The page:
Rising inflation, rising commodity prices and high gas costs have drastically affected the livelihoods and lifestyles of consumers and business owners across the country, and Franklin is no exception.
Small business owners on Franklin’s Main Street have been struggling to meet the challenges of the recent economy.
Graeme Asch, owner of Franklin Mercantile Deli and Cantrell Concrete, has had to raise the price of meals at his restaurant. The cost of premium quality equipment and components is increasing.
“I think the only way businesses are going to survive is we’re just going to have to raise prices and just hope we don’t drive customers away,” he said. “Fifty cents more for a sandwich and side doesn’t sound like much, but it can be that extra bit to keep people out of your business versus going somewhere else. I think we still have the best value for your money in terms of prices, we are still one of the most affordable places to eat in the city center and we have good food. I say I will never sacrifice the quality of my food … or bring in cheaper ingredients. I’ll close it first.”
Some owners are experiencing contraction, with dealers selling fewer products or not as many premium products compared to previous years; others are also charging additional land and sea freight charges.
“It’s really hard,” said Marianne DeMeyers, owner of Tin Cottage Gift Shop. “Sometimes the fees are up to 10%, and sometimes that can be what a business owner makes is 10% profit for their companies. When you get extra charges, that takes it away.”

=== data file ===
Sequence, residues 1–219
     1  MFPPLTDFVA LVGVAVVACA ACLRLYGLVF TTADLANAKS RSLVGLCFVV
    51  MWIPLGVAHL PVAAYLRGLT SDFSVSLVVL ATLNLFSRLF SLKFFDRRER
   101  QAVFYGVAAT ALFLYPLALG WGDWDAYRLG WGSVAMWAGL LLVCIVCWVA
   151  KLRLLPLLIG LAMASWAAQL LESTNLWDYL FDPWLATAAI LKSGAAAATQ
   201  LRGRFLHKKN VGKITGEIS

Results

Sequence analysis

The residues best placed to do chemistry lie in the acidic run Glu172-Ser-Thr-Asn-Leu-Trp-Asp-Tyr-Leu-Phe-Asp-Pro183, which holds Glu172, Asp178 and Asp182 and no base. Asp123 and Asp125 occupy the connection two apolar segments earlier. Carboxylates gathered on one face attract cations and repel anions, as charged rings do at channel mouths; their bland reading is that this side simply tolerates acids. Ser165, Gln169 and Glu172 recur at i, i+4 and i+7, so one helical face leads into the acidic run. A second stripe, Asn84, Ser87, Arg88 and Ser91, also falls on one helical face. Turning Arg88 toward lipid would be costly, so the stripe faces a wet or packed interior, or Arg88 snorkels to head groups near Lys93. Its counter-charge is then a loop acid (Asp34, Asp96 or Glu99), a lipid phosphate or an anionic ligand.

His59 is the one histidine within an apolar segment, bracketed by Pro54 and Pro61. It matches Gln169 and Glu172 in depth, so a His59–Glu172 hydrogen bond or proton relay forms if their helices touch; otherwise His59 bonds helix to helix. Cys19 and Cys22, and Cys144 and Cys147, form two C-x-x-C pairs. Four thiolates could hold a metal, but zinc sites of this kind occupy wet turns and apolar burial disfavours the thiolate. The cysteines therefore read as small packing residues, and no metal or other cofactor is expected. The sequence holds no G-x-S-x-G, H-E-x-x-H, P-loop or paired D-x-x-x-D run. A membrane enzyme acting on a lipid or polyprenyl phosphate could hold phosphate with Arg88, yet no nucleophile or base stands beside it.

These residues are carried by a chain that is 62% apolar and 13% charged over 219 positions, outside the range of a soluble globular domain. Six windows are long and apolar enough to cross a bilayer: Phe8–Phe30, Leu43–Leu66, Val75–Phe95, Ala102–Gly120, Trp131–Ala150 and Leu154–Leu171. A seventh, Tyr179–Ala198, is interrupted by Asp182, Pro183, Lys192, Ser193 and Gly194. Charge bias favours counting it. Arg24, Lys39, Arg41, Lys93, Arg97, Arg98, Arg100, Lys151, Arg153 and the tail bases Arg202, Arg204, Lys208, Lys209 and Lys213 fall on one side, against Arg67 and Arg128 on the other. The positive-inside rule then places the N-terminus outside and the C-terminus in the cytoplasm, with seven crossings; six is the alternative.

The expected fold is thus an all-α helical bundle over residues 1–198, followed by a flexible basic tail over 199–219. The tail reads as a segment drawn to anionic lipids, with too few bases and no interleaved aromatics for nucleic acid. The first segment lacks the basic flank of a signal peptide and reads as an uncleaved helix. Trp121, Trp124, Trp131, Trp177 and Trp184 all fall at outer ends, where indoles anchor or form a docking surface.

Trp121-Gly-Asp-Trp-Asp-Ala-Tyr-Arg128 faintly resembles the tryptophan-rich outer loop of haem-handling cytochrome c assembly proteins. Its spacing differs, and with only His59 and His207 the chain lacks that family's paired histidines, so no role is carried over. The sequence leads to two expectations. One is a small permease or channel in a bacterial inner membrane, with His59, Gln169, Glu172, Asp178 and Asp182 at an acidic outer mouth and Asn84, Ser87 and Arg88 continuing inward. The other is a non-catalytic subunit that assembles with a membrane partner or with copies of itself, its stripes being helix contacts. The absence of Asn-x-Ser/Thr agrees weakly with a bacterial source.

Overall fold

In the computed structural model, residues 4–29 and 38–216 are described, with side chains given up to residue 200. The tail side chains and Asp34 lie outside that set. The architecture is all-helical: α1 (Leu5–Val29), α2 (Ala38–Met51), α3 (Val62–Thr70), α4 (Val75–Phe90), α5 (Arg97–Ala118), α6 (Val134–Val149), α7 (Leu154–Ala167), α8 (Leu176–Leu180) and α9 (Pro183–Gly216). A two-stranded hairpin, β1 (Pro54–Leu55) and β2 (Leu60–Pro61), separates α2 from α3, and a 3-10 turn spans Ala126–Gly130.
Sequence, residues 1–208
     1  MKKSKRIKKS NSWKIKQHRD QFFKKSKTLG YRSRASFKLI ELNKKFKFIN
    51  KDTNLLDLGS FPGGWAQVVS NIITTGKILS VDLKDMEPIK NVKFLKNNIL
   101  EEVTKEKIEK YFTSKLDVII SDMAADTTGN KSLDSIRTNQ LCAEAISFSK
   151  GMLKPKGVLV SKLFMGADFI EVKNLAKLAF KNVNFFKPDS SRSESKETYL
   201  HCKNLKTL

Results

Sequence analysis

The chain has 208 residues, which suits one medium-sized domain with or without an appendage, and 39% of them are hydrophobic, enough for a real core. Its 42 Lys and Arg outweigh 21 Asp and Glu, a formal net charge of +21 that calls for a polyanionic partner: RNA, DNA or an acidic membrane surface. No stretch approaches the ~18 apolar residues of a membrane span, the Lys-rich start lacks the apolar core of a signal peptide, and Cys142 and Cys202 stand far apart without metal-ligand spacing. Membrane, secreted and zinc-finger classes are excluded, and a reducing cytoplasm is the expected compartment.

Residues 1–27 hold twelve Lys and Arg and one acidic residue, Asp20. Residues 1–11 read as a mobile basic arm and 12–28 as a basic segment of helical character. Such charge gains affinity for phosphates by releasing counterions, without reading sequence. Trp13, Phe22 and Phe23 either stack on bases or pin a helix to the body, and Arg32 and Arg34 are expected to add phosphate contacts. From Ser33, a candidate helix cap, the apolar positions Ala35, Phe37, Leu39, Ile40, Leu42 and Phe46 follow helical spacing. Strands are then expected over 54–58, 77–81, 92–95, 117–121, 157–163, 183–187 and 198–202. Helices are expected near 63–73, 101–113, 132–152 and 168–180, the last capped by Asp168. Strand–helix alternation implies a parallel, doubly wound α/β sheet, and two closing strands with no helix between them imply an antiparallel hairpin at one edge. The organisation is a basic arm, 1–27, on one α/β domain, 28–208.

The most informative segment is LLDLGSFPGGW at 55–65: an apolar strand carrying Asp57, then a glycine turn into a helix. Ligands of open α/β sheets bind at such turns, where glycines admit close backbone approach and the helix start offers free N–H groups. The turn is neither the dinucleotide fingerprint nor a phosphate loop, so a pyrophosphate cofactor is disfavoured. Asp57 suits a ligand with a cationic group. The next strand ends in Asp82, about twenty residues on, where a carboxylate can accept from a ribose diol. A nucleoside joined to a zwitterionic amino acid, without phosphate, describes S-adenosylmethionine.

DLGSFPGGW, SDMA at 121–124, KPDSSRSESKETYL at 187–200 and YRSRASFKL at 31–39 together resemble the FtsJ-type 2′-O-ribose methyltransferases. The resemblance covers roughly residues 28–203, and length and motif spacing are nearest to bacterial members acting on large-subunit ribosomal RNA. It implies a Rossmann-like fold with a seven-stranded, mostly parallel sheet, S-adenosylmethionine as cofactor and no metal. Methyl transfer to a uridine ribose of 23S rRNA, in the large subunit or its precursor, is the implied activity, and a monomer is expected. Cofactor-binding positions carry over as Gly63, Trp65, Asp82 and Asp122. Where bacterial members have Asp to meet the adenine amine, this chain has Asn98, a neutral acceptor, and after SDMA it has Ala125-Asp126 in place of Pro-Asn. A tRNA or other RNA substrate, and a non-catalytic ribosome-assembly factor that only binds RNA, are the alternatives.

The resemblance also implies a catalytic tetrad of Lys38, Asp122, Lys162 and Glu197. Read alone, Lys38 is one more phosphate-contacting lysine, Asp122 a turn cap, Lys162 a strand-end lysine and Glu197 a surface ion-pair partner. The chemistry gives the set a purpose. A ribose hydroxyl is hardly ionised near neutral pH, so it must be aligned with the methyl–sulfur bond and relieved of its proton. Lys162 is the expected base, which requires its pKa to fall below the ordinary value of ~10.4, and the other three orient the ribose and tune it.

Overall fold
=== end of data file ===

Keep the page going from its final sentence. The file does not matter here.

She went on to say that the rising cost of living and the price of gas have also affected employees and family travel, which also affects her business.
“Specifically, in Franklin, we’re seeing a little bit less travel,” she said. “People are holding on to their money a bit more, but it hasn’t had as much of an impact as the travelers that are still coming. We are lucky to have healthy tourism; they’re just spending a little less. It is also more difficult to get employees. We’re paying more now, which is fine. What we’ve done with kind of a pivot is we have great employees who have been with us for years, and instead of having more employees, we end up giving our current employees more responsibility and paying them more.”
“Fuel really drives a lot of the market,” Asch said. “When demand is high and supply is low [it will increase the prices]. … Fuel drives the trucks that move the food, the transportation between the farmer and the consumer.”
Both Asch and DeMeyers said they were grateful for the Franklin community’s support of their businesses during difficult times.
“There’s never a fine line for the economy to go negative, but I will say that I’ve worked in a lot of places, my husband and I have moved around a lot, and we’re so lucky to be in a community like Franklin where everyone small business owners support each other,” DeMeyers said. “People in the community support us.”